The Closest Thing to Heaven

For many couples, the first few years of marriage are quite difficult. It’s one adjustment after another.

Ray: He hogs the blankets.

Marlene: She hogs the bathroom.

Ray: He leaves his underwear hanging on the chair.

Marlene: She leaves her stockings hanging in the shower.

Ray: And all those quirks that used to seem so cute, in the grind of daily life just seem like … quirks.

Marlene: It does get better.

Ray: But you may have to wait a few years.

Marlene: And you have to work at it. It will never be perfect. But marriage can be wonderful.

Ray: It’s the closest thing to heaven most of us will ever experience until we finally get there ourselves.

Marlene: Marriage is a gift from God.

Ray: And a good marriage is one of God’s best gifts.

Marlene: When you follow God’s instructions it gets better and better as the years go by. Despite what some would have us believe, it is possible to be married and happy for a lifetime.

The Heroes Among Us

Ray: Who are the heroes of today? They are the men and women who have made a lifetime commitment to one another. Look around you.

Marlene: There are heroes in our midst, carefully disguised as ordinary people. All around us are husbands and wives–in every size and shape and color, young and old, from every walk of life–who have made a commitment and have decided to stick with it.

Ray: It is possible to be married and happy for a lifetime. And it is not only possible, it is worth the effort that a good marriage requires. No one ever said being married was easy, but the good things in life never are.

Marlene: We may win no medals for staying married in an age of divorce, but that doesn’t matter.

Ray: Staying married to someone you love is its own reward.

Marlene: And lest we forget, a special reward is promised to those who are faithful to the end.

Ray: Since marriage was God’s idea, those who live by his rules will never be disappointed.

Marlene: That may not answer every question, but it ought to be enough to keep us happy and married for many years to come.

Ray: So who are the heroes today?

Together: You are!!!!

Marlene: Thank you for coming.

Ray: And listening.

Marlene: And laughing.

Ray: Thanks for teaching us about ditch flowers.

Marlene: Thanks to Dave and Connie for showing us how to win the Newlywed Game.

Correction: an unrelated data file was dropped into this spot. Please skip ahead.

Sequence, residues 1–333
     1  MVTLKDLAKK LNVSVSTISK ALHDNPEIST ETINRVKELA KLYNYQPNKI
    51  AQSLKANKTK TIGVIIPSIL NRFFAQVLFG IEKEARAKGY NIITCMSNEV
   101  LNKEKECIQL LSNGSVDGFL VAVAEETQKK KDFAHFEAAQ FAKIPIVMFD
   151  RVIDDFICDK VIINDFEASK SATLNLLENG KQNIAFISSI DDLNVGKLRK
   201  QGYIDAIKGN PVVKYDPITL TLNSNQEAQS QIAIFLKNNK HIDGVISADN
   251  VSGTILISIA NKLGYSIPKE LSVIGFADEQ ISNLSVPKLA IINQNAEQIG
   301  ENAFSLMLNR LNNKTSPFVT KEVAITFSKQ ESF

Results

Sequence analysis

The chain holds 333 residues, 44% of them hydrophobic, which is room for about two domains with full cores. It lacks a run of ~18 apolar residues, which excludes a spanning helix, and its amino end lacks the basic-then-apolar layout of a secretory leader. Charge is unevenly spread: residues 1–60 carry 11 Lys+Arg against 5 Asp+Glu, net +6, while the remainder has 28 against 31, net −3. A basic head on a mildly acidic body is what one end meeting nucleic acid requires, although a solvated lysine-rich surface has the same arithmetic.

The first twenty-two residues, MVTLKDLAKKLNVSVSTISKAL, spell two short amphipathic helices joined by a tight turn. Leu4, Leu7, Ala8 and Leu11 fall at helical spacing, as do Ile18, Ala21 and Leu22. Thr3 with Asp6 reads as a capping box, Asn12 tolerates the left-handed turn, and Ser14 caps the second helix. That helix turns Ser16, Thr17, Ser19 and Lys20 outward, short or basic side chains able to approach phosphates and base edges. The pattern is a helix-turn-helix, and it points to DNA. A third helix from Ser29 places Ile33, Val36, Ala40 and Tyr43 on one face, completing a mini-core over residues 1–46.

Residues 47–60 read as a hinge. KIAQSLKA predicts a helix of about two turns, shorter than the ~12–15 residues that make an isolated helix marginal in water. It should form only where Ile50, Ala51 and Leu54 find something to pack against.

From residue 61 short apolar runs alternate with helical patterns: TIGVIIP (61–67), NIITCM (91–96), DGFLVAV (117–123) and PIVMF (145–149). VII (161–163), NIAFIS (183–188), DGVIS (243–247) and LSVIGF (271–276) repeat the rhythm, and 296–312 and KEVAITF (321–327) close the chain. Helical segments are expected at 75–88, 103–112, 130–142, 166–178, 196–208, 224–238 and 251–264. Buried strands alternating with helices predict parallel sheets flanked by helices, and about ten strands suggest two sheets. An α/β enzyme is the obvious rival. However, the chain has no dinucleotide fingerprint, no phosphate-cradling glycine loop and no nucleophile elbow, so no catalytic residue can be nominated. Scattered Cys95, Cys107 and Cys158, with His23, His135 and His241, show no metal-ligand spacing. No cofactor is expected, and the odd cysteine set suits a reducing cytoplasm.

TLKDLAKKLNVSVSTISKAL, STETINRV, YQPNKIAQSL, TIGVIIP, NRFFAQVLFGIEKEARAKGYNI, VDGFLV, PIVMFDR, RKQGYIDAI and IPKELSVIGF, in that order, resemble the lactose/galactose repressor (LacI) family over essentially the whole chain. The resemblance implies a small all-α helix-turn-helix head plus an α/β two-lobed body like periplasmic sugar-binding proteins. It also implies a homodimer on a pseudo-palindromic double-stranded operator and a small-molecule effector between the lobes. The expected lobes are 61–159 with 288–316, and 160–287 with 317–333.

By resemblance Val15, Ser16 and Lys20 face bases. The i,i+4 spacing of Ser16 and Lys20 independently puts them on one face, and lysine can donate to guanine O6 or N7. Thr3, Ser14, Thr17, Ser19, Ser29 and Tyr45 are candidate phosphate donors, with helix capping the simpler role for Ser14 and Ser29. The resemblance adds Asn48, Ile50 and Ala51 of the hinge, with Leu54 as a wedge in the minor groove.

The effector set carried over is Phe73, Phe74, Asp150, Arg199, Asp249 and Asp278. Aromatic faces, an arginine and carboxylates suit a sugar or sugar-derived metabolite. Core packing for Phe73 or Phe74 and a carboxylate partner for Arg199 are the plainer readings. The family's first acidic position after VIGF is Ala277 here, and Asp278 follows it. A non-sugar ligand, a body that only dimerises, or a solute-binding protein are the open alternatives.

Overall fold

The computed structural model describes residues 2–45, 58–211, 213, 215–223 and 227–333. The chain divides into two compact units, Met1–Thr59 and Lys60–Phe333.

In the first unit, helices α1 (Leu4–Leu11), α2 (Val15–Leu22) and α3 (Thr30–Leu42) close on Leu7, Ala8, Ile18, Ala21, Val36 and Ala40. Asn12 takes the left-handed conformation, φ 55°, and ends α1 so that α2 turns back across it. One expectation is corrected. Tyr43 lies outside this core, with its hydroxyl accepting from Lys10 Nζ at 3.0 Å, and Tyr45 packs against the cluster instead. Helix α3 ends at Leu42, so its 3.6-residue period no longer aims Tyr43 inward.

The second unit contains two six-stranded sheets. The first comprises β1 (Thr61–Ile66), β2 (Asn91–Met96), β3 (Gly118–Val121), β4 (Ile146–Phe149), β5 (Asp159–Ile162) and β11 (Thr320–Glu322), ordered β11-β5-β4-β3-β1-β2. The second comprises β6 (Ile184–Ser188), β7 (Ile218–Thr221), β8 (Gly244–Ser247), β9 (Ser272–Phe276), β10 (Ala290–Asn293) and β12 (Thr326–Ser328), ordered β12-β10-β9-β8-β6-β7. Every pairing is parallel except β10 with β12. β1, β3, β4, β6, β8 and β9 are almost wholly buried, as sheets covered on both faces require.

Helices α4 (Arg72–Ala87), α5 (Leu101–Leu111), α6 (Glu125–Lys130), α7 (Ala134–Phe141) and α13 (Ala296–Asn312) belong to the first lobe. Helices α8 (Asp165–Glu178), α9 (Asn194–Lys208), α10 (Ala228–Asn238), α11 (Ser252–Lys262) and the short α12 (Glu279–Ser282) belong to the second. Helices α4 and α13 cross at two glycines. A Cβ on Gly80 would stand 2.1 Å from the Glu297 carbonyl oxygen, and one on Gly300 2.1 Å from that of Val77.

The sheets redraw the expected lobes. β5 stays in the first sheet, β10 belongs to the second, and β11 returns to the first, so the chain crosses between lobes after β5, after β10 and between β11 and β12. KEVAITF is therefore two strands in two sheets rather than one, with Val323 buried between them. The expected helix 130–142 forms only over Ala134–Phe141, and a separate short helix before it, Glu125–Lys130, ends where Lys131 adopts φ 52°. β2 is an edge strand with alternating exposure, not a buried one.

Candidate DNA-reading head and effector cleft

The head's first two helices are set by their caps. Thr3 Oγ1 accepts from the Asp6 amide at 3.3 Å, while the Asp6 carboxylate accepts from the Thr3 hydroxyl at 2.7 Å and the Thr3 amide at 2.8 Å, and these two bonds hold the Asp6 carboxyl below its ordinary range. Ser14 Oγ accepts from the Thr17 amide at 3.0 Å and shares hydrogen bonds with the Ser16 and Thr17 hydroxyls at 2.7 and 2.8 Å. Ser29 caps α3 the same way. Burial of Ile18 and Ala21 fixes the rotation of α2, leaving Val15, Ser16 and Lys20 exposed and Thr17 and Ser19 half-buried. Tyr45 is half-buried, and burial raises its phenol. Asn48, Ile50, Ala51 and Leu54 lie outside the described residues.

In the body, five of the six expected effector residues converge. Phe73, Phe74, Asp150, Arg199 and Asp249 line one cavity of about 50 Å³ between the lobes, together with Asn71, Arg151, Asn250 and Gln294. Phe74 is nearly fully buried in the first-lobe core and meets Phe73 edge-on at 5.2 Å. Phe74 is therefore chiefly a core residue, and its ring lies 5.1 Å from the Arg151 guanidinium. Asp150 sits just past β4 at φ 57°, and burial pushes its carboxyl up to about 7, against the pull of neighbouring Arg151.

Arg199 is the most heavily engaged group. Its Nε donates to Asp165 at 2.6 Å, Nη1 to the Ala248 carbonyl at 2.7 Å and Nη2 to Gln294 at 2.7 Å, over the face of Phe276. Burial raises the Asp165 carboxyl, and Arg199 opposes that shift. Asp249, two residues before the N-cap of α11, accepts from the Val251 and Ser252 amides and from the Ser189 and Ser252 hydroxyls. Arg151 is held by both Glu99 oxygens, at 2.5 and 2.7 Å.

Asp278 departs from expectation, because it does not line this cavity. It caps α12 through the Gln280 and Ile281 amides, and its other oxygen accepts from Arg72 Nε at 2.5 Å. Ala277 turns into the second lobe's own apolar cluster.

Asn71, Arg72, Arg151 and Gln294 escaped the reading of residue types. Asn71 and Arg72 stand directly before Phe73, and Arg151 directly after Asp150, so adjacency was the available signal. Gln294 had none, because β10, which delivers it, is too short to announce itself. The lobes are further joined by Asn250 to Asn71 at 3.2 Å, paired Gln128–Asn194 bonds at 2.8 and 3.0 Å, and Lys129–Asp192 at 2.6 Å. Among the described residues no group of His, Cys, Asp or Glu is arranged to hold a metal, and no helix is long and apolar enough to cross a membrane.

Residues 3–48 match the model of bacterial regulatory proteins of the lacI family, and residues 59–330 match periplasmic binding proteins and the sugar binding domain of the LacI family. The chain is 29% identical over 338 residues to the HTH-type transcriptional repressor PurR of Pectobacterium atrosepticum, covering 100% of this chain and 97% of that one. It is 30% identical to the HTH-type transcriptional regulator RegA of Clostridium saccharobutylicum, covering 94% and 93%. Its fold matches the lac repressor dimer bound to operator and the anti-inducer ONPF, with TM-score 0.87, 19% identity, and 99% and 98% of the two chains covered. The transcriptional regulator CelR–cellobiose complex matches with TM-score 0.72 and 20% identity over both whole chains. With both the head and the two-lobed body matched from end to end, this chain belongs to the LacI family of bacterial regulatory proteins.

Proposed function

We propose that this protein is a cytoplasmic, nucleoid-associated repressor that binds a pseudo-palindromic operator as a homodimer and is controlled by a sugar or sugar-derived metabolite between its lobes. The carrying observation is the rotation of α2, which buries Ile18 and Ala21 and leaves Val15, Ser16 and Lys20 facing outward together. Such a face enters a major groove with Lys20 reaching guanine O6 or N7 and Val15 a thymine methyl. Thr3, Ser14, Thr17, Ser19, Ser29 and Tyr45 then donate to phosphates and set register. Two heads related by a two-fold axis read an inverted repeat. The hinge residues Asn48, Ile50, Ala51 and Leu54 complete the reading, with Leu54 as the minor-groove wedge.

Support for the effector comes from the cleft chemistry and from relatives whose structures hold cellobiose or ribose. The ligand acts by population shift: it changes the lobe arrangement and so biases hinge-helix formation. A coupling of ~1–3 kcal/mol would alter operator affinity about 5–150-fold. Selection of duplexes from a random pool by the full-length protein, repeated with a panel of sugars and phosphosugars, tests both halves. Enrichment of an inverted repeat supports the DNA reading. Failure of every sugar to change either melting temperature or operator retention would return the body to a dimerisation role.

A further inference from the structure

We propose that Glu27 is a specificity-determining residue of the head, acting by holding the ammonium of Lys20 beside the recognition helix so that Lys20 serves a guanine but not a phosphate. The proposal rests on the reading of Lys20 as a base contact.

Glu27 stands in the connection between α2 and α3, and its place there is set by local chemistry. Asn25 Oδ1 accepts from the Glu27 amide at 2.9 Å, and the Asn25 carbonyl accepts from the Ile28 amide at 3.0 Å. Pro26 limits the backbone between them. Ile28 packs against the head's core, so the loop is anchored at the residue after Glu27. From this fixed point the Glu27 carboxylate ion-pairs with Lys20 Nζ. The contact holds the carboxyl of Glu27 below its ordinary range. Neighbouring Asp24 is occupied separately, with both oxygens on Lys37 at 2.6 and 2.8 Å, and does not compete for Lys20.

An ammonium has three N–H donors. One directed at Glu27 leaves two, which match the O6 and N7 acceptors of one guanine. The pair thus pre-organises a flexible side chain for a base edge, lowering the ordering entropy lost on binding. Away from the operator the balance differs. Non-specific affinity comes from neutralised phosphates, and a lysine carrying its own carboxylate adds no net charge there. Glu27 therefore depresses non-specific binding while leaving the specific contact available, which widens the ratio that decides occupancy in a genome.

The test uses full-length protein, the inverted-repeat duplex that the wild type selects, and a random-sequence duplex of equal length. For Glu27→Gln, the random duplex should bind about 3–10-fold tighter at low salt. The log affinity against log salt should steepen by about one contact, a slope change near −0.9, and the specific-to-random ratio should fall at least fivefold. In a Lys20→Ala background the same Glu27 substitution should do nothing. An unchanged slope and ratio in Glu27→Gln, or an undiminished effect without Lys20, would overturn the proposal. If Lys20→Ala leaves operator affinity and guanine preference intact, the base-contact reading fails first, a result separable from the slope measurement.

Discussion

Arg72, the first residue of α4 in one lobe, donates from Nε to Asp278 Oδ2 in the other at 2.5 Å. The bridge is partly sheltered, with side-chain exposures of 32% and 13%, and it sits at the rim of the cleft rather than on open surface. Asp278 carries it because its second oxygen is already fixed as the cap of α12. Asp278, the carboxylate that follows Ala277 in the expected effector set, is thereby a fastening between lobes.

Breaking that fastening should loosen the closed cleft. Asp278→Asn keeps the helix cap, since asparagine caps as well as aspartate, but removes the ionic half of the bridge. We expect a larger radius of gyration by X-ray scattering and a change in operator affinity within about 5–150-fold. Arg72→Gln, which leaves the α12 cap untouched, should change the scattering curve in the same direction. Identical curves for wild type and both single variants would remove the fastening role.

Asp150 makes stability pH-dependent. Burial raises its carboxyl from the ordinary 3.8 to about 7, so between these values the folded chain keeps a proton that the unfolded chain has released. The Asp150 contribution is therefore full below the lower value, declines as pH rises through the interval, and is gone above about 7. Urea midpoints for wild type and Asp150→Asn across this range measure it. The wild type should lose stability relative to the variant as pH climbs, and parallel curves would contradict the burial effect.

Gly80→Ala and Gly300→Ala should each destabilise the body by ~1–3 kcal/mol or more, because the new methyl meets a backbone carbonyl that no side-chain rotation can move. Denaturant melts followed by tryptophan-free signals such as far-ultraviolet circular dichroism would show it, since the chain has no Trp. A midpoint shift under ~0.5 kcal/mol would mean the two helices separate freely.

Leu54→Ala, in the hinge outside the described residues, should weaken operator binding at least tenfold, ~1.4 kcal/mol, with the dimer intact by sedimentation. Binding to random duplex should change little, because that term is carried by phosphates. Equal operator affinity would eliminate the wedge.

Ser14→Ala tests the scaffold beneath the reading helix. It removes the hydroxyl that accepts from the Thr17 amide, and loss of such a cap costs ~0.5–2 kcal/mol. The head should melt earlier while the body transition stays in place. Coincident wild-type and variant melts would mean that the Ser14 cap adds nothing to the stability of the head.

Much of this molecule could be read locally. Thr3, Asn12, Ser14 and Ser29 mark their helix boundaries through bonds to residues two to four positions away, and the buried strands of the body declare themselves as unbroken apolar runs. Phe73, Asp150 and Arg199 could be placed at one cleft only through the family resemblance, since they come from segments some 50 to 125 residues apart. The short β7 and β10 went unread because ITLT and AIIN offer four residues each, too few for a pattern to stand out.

Ray: Thanks to the Voices of Victory,

Marlene: Thanks to Mike and Amy Bush,

Ray: Thanks for doing your homework—and your extra credit.

Marlene: Thanks for “lean forward, lean backwards, to the left, to the right,”

Ray: Thanks for late-night charades and dominoes,

Marlene: Thanks for holding hands and snuggling together,

Ray: Thanks for sharing your stories,

Marlene: And your tears,

Ray: And your hopes and dreams

Marlene: We’re leaving encouraged after this weekend.

Ray: And we hope you are too.

A Prayer for God’s Blessing

Marlene: As we come to the end of this Couples Conference, we invite you to join hands as husband and wife as we pray together.

Ray: Our Heavenly Father, today we celebrate your goodness and your grace.

Marlene: To you alone belongs all the praise and honor.

Ray: We give thanks for every marriage represented here today. Thank you bringing each couple together in your good plan.

Marlene: Thank you for newlyweds who celebrate with us. May their joy increase as the years pass.

Ray: Thank you for those who have been married 20-30-40-50 years. It is only by your kindness that we have come this far together.

Marlene: Father, we lift up those who are struggling in their marriage. Touch them with your Spirit, open their eyes to see what is at stake, help them not to give up but to trust you for better things.

Ray: May we all go forth from this place to serve the Lord together.

Marlene: May our days be filled with joy as we let our light shine for you.

Ray: Grant that through our marriages, you receive great honor.

Marlene: Help us to make Jesus beautiful by the way we love each other.

Ray: We pray the blessing of Psalm 128 upon each couple here:

Marlene: Blessed are all who fear the LORD, who walk in his ways.

Ray: You will eat the fruit of your labor; blessings and prosperity will be yours.

Marlene: Your wife will be like a fruitful vine; your sons will be like olive shoots around your table.

Ray: Thus is the man blessed who fears the LORD.

Marlene: May the LORD bless you from Zion all the days of your life; may you see the prosperity of Jerusalem,

Ray: and may you live to see your children’s children. Peace be upon Israel.

Marlene: Thank you for your love and kindness to all of us.

Ray: Your grace amazes us.

Marlene: May we serve the Lord together joyfully as long as we both shall live.

Ray: And when the time to leave this life comes, may we come to that moment still together, still in love, still believing in the promise of eternal life through our Lord Jesus Christ.

Together: We pray all these things in the Strong Name of Jesus, Amen.